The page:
By Declan Dunn at TechViews.org …..
Previously, Google had a policy of making privacy a priority. But this past summer that policy was changed. Information gathered from your web searches is now comingled with data collected from your Gmail. We are still not sure who gets that personal and private information after collection because all we know is that it is given to government authorities and sold to advertisers for revenue.
Afterall, that’s the business model Google was built on. A notice was sent to Gmail users recently that stated: user activity “on other sites and apps may be associated with your personal information in order to improve Google’s services and the ads delivered by Google.”
At first, this change was dismissed by most Google users until the magnitude started to set in. The publication, ProPublica, recently took a closer look. If you were an existing user at the time of the change, you would have received an opt-in request titled something along the lines of “Some new features for your Google account.” Anyone who has signed up for an account since then would have been opted in by default.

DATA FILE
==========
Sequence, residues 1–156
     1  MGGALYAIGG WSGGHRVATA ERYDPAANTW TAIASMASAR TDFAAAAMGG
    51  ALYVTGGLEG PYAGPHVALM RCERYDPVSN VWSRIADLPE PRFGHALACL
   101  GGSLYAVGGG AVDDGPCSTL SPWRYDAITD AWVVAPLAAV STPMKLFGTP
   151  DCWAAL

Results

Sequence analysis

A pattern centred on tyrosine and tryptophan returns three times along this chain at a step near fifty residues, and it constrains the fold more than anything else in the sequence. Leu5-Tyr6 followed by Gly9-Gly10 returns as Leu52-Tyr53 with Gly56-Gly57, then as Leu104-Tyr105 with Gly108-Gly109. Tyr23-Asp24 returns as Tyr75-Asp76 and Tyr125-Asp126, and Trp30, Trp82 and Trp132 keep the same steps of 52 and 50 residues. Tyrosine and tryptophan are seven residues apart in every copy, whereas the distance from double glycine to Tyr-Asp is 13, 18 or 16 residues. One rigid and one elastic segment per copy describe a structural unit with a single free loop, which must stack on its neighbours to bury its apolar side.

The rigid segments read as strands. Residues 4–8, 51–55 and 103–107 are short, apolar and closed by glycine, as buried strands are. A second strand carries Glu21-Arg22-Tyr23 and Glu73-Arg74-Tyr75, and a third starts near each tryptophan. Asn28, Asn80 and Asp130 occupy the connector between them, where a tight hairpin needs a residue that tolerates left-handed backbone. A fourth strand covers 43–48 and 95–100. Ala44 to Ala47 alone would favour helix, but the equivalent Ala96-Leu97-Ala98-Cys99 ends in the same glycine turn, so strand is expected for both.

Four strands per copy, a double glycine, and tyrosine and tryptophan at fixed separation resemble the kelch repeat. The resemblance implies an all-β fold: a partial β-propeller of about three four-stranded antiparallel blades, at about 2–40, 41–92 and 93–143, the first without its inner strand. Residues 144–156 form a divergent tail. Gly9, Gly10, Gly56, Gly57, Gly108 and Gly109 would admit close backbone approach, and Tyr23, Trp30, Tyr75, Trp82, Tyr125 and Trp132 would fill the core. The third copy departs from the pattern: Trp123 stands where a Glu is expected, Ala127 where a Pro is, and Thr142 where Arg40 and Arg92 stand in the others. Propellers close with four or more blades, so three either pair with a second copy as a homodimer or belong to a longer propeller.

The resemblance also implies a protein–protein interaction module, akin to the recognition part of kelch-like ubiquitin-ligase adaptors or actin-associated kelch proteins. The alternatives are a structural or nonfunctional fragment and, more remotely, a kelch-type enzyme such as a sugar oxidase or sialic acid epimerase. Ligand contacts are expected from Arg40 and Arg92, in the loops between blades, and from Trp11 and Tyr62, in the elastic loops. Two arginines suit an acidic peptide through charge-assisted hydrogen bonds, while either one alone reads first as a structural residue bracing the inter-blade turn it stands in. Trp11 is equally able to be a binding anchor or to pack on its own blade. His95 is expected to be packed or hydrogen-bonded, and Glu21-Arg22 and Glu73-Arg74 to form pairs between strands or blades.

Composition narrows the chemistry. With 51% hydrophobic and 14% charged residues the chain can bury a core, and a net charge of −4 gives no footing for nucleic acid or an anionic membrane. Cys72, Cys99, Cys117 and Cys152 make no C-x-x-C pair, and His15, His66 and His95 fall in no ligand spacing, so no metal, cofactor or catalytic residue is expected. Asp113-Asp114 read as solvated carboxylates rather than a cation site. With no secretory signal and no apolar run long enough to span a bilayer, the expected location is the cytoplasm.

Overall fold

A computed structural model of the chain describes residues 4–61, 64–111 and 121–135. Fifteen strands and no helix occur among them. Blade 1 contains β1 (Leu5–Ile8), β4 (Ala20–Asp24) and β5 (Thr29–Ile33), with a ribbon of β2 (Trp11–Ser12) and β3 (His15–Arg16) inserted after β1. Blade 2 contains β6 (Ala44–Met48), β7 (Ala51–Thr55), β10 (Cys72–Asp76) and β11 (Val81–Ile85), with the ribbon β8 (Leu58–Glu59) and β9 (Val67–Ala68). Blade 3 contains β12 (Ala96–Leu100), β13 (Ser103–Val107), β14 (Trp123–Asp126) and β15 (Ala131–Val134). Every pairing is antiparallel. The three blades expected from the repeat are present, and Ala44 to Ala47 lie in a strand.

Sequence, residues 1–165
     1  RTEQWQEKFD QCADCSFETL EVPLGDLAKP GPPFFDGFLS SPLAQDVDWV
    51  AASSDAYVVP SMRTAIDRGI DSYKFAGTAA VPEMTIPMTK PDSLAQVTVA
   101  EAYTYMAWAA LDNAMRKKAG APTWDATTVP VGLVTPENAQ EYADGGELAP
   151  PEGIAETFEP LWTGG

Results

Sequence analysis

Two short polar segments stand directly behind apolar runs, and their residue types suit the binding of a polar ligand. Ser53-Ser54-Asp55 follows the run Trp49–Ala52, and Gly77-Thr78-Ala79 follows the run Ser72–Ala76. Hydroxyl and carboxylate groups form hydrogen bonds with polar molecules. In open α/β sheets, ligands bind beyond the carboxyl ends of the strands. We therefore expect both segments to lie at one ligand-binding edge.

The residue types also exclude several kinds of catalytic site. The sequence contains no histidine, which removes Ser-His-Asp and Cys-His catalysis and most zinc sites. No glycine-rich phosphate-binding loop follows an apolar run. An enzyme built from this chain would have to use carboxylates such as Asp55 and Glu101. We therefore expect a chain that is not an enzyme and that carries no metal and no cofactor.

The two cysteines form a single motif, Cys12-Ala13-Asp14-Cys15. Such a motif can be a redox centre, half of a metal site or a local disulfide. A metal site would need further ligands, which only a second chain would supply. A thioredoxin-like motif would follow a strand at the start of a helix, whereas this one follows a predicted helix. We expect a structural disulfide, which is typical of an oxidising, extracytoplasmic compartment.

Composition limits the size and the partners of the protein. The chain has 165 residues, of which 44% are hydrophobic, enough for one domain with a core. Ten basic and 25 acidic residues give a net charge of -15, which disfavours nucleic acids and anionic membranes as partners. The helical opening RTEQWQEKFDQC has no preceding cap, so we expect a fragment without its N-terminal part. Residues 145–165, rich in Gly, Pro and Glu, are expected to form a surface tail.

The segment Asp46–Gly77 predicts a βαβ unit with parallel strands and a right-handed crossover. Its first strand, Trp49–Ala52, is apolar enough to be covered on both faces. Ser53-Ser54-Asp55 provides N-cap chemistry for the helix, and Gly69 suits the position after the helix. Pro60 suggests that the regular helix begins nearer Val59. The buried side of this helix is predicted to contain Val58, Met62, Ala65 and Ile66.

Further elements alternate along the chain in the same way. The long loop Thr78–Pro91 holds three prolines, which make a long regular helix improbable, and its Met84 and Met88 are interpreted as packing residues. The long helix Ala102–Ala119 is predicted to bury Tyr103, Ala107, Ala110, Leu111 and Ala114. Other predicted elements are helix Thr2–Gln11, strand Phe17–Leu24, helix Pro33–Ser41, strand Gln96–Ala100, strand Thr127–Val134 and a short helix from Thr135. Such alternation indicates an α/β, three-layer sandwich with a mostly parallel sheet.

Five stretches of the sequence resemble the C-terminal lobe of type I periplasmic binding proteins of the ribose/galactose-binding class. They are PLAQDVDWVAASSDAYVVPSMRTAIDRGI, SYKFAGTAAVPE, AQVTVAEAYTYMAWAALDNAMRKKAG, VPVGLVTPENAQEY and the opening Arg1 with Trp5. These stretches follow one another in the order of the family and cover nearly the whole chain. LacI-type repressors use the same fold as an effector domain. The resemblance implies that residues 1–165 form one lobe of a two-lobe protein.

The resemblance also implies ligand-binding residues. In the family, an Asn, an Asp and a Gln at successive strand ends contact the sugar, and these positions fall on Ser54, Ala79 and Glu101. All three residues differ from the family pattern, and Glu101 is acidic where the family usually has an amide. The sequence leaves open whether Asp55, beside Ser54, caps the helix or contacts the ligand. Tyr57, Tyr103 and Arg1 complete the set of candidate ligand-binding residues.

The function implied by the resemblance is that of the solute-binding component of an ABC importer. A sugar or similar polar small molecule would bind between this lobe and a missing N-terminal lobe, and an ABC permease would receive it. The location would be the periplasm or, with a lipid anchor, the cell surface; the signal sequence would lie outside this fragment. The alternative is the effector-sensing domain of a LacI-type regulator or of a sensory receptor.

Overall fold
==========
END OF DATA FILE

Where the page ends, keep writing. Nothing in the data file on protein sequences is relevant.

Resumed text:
Previously, DoubleClick ads that popped up in your browser were only based on users’ Google searches—but now they can reference keywords mined from Gmail as well. It’s easy to see how this might raise privacy concerns for some users, especially those who weren’t aware of the switch.
To see if you’re affected, go to the Activity Controls section on Google’s My Account page. If the box that reads “Include Chrome browsing history and activity from websites and apps that use Google services” is unchecked, you’re in the clear.
Unfortunately, Google has joined Microsoft, Yahoo, Facebook, and Twitter in a massive data collection program of personal data and private information.
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